1 Mar

Map of the Week: Peanut Production for National Peanut Butter Lover’s Day !

peanut producing states map

In celebration of National Peanut Butter Lover’s Day (March 1st) we did some research on the history and facts of peanut production and made a map showing the top ten peanut producing states in the United States! So when did the world start making peanut butter?

The ancient South American Indians were the first to make and eat peanut butter, however, historical reference claims that peanut butter was invented by a physician in St. Louis around 1890 as a health food for the elderly. The physician’s name is undocumented, but records show that in 1903, Ambrose W. Straub of St. Louis patented a machine to make peanut butter (Whitley’s Peanut Factory). Also during this time period, “Dr. George Washington Carver, a research scientist at Tuskegee Institute in Alabama, found over 300 uses for the peanut plant in the early 1900’s. He has been called the “peanut wizard” and the “father of the modern peanut industry”(American Peanut Council).

World peanut production totals approximately 29 million metric tons per year and worldwide peanut exports are approximately 1.25 million metric tons. Peanuts are grown in the warm climates of Asia, Australia, North America and South America. India and China together account for more than half of the world’s peanut production, followed by the United States. U.S. peanut farmers produce around 1.9 million tons of peanuts annually and is one of the world’s leading peanut exporters with average annual exports of between 200,000 and 250,000 metric tons. In the United States, ten states grow 99% of the country’s peanuts: Georgia, Florida, Alabama, Texas, South Carolina, North Carolina, Mississippi, Virginia, Oklahoma, and New Mexico (Soyatech, American Peanut Council, and Whitley’s Peanut Factory). peanut chart

Peanuts actually are not nuts! Peanuts contain properties of both tree nuts and the bean/lentil and are botanically classified as legumes. According to the American Peanut Council, “The four types of peanuts produced in the U.S. are:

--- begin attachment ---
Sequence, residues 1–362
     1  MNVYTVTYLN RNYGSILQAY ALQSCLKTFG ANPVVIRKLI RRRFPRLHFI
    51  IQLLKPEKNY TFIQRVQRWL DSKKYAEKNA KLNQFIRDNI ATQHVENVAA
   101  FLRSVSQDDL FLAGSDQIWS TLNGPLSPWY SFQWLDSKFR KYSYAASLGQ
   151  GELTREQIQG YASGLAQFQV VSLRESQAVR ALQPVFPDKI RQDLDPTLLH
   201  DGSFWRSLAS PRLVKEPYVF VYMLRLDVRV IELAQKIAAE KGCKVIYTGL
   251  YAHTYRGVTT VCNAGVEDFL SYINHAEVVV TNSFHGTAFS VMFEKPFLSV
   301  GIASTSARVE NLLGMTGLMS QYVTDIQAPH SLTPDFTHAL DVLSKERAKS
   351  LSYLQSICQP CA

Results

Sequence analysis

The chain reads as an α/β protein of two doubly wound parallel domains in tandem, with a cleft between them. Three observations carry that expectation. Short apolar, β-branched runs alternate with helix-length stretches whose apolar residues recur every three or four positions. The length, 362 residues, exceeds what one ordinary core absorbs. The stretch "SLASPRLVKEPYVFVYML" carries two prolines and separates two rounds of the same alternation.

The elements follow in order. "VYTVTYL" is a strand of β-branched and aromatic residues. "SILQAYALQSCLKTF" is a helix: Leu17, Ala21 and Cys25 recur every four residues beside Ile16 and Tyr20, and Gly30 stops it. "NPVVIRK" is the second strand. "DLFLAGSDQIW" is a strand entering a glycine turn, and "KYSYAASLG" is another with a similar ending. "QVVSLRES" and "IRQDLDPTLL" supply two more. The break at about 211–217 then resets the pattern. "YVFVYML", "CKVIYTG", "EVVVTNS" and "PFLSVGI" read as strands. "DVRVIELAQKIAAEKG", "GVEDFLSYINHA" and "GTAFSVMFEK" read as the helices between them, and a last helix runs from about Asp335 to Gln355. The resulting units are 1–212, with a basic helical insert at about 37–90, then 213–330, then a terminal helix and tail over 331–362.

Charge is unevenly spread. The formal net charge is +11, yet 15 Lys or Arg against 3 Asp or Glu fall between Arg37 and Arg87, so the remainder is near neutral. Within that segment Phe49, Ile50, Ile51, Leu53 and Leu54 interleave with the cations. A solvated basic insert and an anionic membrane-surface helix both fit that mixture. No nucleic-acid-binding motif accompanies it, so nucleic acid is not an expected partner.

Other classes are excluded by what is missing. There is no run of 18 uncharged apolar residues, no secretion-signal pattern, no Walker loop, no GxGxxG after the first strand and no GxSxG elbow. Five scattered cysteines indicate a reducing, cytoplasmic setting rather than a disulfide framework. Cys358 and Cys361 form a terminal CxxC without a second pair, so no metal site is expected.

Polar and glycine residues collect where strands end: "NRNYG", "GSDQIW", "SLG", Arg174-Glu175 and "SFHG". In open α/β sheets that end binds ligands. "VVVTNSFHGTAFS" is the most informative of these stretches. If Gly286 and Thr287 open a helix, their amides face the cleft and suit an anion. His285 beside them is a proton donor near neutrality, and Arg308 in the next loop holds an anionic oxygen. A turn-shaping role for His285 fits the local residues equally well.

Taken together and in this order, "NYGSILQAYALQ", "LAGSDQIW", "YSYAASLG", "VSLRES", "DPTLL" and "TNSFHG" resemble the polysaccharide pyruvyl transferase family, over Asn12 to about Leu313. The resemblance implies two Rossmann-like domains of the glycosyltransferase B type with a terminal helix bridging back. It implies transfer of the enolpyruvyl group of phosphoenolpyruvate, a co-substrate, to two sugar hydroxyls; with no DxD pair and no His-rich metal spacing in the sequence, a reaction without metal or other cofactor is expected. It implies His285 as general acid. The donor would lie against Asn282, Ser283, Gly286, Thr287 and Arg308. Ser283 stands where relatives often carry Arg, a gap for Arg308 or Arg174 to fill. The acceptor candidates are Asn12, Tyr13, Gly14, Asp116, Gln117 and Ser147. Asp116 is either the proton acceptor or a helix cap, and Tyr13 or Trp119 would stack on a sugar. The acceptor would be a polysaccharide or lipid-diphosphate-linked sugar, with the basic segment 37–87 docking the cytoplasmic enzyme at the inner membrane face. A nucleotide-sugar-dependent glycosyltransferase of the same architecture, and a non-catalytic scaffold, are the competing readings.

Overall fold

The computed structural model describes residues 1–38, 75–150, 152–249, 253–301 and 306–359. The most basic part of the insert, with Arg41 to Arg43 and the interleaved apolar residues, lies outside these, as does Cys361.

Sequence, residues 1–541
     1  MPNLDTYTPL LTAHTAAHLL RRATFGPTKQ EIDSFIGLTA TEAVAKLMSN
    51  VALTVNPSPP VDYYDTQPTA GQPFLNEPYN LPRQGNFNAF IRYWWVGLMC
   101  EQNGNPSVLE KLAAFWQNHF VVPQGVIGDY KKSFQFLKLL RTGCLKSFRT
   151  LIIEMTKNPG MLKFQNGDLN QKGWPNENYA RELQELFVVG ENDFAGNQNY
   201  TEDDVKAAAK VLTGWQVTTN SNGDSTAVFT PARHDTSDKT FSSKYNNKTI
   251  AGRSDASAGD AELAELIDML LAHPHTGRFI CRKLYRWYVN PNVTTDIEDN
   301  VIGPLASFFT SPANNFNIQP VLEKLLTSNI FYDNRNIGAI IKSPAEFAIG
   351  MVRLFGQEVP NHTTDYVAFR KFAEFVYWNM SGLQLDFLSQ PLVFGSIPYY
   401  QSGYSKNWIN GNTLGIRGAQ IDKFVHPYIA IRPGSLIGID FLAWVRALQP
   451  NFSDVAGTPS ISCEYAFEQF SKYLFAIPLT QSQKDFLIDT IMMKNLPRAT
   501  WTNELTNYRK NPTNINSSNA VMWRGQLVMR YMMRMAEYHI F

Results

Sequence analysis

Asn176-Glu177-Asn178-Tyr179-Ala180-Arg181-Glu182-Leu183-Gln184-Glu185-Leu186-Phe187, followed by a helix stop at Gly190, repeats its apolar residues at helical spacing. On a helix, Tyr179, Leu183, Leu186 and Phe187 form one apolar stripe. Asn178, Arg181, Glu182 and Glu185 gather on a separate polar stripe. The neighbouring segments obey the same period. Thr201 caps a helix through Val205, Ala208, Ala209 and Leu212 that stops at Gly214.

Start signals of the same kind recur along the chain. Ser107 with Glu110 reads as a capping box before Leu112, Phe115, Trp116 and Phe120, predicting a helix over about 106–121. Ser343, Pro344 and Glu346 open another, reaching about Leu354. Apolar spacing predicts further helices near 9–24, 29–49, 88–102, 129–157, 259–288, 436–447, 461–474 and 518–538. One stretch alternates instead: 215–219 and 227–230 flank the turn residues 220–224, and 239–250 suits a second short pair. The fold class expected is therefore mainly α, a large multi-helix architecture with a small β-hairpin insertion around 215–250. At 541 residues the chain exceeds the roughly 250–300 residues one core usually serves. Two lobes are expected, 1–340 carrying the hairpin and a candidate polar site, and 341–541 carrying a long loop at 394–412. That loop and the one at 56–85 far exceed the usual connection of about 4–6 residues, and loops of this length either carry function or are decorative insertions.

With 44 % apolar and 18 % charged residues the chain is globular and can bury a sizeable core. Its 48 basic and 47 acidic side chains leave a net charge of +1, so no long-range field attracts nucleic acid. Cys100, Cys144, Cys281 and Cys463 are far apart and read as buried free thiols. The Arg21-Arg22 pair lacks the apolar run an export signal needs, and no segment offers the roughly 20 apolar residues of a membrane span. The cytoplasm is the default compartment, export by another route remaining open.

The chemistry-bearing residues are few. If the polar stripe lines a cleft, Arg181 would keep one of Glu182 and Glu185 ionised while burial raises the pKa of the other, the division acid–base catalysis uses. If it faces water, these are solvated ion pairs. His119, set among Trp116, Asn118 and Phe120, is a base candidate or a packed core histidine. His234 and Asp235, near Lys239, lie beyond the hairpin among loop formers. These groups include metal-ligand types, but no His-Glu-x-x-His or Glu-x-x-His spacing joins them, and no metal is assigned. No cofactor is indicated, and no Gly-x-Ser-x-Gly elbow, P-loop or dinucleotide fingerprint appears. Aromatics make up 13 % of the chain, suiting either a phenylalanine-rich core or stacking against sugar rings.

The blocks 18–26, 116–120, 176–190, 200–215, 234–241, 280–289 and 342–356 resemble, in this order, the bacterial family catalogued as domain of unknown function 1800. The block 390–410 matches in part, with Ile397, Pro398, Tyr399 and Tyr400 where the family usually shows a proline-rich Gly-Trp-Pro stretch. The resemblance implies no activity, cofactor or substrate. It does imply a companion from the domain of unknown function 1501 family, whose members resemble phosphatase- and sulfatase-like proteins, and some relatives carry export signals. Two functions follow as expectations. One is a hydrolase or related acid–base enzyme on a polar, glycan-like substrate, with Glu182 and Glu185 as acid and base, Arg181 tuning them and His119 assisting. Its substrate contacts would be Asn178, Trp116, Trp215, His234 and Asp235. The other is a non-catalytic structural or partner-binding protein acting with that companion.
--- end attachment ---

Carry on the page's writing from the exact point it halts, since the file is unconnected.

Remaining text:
• the most common variety, the Runner type used primarily for the manufacture of peanut butter;
  • the large kerneled Virginia type, marketed mainly as snack peanuts and in the shell peanut products;
  • the Spanish type, with rounder and smaller kernels, used for snack peanuts, peanut butter and confections
  • and the longer podded Valencia type, containing three to five kernels in each shell, marketed mostly in the shell for roasting and boiling


“The major peanut producing states are grouped into three regions. The Georgia-Florida-Alabama-Mississippi region (Southeast) grows mostly the medium-kernel Runner peanuts. The Southwest region (Texas-Oklahoma-New Mexico) grows Spanish, Runner and some Virginia type varieties. The Virginia-Carolinas area grows mostly the large-kernel Virginia type peanut” (Whitley’s Peanut Factory).

About one-half of all peanuts produced in the U.S. are used to make peanut butter and peanut spreads and by law, any product labeled “peanut butter” in the U.S. must contain at least 90% peanuts, and the remaining 10% may be sweeteners, salt and an emulsifier- hardened vegetable oil which prevents the peanut oil from separating and rising to the top (Whitley’s Peanut Factory). Peanut butter is the leading use of peanuts produced in the U.S. (45%), followed by snack nuts and in-shells (30%), and candy and confections (25%) (American Peanut Council).

Written by Kathleen Emerson (3/1/2016)


http://www.usda.gov/nass/PUBS/TODAYRPT/cropan15.pdf (Map)